Online catalog searches. Librarians usually separate in-library and remote searching activities.
Items checked out. With this, librarians could compare desk requests against requests made through book delivery services. This metric measures how users obtain books and other materials such as videos and journals. This helps librarians find ways to provide end-users with materials without requiring physical visits.
Books checked out vs. ebooks read. This allows librarians to determine the level of demand for which type of media (physical vs. electronic) and react proactively to user behavior.
Items renewed. While most libraries require physical checkout, librarians may want to offer the ability to renew items using web-based portals.
Holds placed. This allows librarians to measure the popularity of books and also lets them decide whether holds can be done using remote access.
Payment for fines and fees. This measures the degree to which libraries can conduct financial transactions in-person and electronically.
Interlibrary loan requests. This measures the volume and the specific items available for interlibrary loan requests. In this way, librarians will know whether to provide these resources in-house or continue to do so via interlibrary loans.
ILS collection report. Comparative statistics can help librarians decide on how they can best serve the public and optimize internal management.
Acquisitions reports. Many platforms allow for resource acquisition. This metric enables librarians to monitor in-demand items, the type of media, and expenditures.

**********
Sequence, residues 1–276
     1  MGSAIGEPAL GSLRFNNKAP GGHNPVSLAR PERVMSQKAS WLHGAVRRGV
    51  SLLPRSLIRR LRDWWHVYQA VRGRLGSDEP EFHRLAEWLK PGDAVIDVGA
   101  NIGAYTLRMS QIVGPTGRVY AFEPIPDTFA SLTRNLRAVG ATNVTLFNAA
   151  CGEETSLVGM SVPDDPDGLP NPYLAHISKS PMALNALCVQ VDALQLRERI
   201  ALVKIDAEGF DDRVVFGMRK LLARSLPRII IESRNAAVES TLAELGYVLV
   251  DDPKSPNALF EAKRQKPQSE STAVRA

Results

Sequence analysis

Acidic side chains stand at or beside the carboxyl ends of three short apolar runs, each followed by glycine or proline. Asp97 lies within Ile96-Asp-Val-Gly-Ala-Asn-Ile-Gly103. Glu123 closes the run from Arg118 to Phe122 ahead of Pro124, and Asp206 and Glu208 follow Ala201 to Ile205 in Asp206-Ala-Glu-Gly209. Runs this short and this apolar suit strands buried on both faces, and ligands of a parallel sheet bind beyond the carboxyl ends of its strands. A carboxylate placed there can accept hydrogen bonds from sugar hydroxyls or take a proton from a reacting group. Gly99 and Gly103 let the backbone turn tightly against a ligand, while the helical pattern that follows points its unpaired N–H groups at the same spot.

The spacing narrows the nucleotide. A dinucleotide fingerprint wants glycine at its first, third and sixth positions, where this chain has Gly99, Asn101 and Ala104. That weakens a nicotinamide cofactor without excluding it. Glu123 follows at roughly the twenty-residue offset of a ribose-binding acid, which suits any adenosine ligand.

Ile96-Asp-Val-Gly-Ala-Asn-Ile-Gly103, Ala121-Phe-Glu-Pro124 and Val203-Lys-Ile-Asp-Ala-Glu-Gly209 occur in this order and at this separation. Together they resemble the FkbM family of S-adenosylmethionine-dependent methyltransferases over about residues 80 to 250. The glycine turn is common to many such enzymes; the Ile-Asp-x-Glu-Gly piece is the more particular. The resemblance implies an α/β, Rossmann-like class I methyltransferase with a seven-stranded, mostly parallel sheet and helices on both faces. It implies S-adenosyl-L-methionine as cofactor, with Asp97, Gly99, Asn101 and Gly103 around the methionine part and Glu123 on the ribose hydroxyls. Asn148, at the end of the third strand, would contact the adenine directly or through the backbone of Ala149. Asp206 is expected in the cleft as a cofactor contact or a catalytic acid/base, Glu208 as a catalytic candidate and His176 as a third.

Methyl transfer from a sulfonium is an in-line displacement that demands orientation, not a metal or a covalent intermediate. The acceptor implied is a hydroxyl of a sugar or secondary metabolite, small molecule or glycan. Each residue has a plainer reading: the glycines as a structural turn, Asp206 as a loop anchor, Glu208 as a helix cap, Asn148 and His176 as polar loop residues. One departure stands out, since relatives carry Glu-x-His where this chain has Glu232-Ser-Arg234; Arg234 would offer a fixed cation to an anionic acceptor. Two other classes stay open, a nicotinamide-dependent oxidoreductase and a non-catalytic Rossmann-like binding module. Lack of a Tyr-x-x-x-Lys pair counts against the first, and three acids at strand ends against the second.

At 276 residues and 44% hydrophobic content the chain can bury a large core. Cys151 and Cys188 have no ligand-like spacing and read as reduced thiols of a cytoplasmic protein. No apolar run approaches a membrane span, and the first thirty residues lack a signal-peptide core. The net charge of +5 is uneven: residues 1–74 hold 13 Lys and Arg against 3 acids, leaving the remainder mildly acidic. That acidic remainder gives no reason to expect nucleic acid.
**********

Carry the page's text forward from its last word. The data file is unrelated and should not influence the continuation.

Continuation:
As touched on by the above metrics, library management software solutions now have to cater to both print and electronic resources lending needs. Hence, it is good to survey which ones have great features for managing both types of resources in an integrated manner. As you can see from the figures below, the collective effectiveness of platforms in this regard seems to be lacking, especially with electronic resources management. Thus, finding the right fit can be quite difficult.
As previously pointed out, library management today is a far cry from its early iterations. As noted by Ogunsola (2011), a “great metamorphosis” was witnessed among libraries both “in their collection development and in their service structure.” Libraries have expanded their roles from being mere repositories of resource materials to active partners in learning and discovery. This is not only to cater to the popular on-demand culture but also to reflect the efforts of librarians “to be more” for their respective communities.
With that, many enjoy a degree of determination when it comes to digital spending. In fact, 80.3% of city libraries have full or some control over their technology expenditures, with around 45% having full control. These efforts are evident in the novel services offered by public libraries in the United States just before the COVID-19 pandemic. Notable services include (Public Library Association, 2020):